With Cornelia Wyllie.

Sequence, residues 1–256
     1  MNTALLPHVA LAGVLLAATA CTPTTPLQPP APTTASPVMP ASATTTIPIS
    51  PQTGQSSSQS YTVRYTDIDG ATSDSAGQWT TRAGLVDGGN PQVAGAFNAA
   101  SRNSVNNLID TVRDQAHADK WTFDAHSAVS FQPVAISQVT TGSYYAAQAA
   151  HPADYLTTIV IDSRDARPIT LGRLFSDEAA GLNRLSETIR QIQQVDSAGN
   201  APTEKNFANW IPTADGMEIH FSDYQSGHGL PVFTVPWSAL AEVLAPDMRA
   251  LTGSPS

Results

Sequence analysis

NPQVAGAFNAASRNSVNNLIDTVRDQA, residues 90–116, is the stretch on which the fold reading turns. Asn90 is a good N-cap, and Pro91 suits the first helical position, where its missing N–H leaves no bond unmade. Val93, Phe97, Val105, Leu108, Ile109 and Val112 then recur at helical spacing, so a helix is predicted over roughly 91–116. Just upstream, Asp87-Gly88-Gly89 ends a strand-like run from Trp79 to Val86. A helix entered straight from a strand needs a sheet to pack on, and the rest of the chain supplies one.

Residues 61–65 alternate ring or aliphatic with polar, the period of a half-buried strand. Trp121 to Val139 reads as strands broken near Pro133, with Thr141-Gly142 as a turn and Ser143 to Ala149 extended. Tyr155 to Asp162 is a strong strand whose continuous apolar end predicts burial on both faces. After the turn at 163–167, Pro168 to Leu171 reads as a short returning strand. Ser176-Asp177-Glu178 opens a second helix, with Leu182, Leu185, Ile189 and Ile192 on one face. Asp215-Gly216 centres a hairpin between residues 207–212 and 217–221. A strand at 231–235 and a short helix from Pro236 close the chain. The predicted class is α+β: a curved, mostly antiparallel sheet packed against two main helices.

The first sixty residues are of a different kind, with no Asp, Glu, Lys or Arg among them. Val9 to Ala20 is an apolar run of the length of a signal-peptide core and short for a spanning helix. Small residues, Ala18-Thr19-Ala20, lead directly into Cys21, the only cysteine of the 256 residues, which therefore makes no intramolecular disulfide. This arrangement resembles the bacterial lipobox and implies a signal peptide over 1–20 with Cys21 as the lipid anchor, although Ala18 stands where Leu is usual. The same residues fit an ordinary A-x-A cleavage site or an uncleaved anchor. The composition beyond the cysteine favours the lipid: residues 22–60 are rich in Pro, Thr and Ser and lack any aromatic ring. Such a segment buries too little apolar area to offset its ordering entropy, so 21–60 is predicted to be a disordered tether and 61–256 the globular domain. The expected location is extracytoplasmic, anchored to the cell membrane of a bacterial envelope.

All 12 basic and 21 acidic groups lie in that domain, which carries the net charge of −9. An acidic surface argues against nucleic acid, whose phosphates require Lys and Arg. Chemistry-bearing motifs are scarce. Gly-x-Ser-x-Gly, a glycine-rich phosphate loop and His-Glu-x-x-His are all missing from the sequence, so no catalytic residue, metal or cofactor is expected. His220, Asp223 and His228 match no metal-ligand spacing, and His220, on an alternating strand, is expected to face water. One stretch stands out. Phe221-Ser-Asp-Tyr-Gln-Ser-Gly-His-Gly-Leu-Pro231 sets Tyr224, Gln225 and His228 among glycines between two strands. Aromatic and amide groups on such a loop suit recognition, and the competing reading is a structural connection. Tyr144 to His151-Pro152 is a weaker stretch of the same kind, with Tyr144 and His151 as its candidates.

Iam blindfolded and asked to identify a fruit. I tentatively take a round object into my mouth. It is smooth and firm. I let my tongue pop the berry. It is sweet and has two small seeds inside. I guess it is a grape. The blindfold is removed. Nope, it is not a grape. The fruit look like grapes with a dark maroon skin but they are growing off a tree trunk. The flesh is semi transparent to milky white. I had just eaten a Jaboticaba. This delicious fruit grows in Vanuatu and it is a pity that more Jaboticaba is not grown here. I could easily have stood by the three -metre tall tree and continued to pluck away, it is that delicious! Jaboticaba is a bushy, multi-branching shrub that can reach five metres in height. The canopy can be as wide as the bush is tall. It grows best in rich, deep soils away from salty coastal winds and it makes an excellent garden tree. Flowering off the stem is called ‘cauliflora’. The flowers are honey scented and the fruit is ready to eat within 30 days of flowering. New growth has a coppery tinge and is extremely attractive and the leaves are small and look like most Myrtaceae. Any fruiting tree that is as productive as this should have a permanent place in the garden. It yields between 500 to 800 kg of fruit per tree, which is not something to be ignored. Vanuatu is as good a home for Jaboticaba as its native home in the south of Brazil and a propagation program for jaboticaba fruit to become more readily available for the tourist and local trade, as juice and fruit, would be an asset to our repertoire of wonderful tropical fruit. Propagating Jaboticaba is easy as the seeds are ‘polyembronic’. This means it will produce a plant that is true or close to the parent plant. Air layering or softwood cuttings is another option to rapidly multiply a good selection. Grafting a young tree will produce fruit in three years whilst allowing the seedling to mature will delay the fruiting cycle for up to 15 years. The abundance of fruit has not yet attracted the mynah birds, perhaps because the fruit is inside the canopy of the bush and on the trunks, making it more difficult for the birds to reach. Fruiting cycles can continue most of the year with four peaks of flowering cycles. Long periods of dryness will cause the flowers to dry off so a little water will ensure bumper crops. Punnets of fruit can be eaten fresh as one would eat grapes and the shelf life is restricted to a couple of days as they soon start to ferment and lose their flavour. Work is being done to extend the shelf life of the fruit for commercial farmers, such as special nutrition regimes at flowering and modified atmosphere packaging. If a surplus was ever reached, the skins of the jaboticaba make an excellent conserve and the fruit itself produces copious amounts of juice. While I did not notice any pest or diseases on the tree I was grazing on, I would expect that rots or rust during the wet season may become a challenge if there is not enough airflow. But this is a formidable tree, easy to grow in Vanuatu and with plenty of benefits. And like most fruit grown in Vanuatu it has never been sprayed so it’s safe and flavoursome – a pleasure to eat. Cornelia Wyllie is the caretaker of Rainbow Botanic Gardens. She is well-known for her in depth knowledge of tropical plants and gardening. Rainbow Gardens Nursery and the Botanical Gardens is open Monday to Friday 7.30 am to 5 pm, Saturday 7.30 to 12 pm and after hours by appointment. Take a tour of the Gardens to view Vanuatu’s fantastic range of tropical plants. Contact Tudsie on 77 26720 to book a Garden Tour. Contact Cornelia to arrange functions and catering on 77 24720.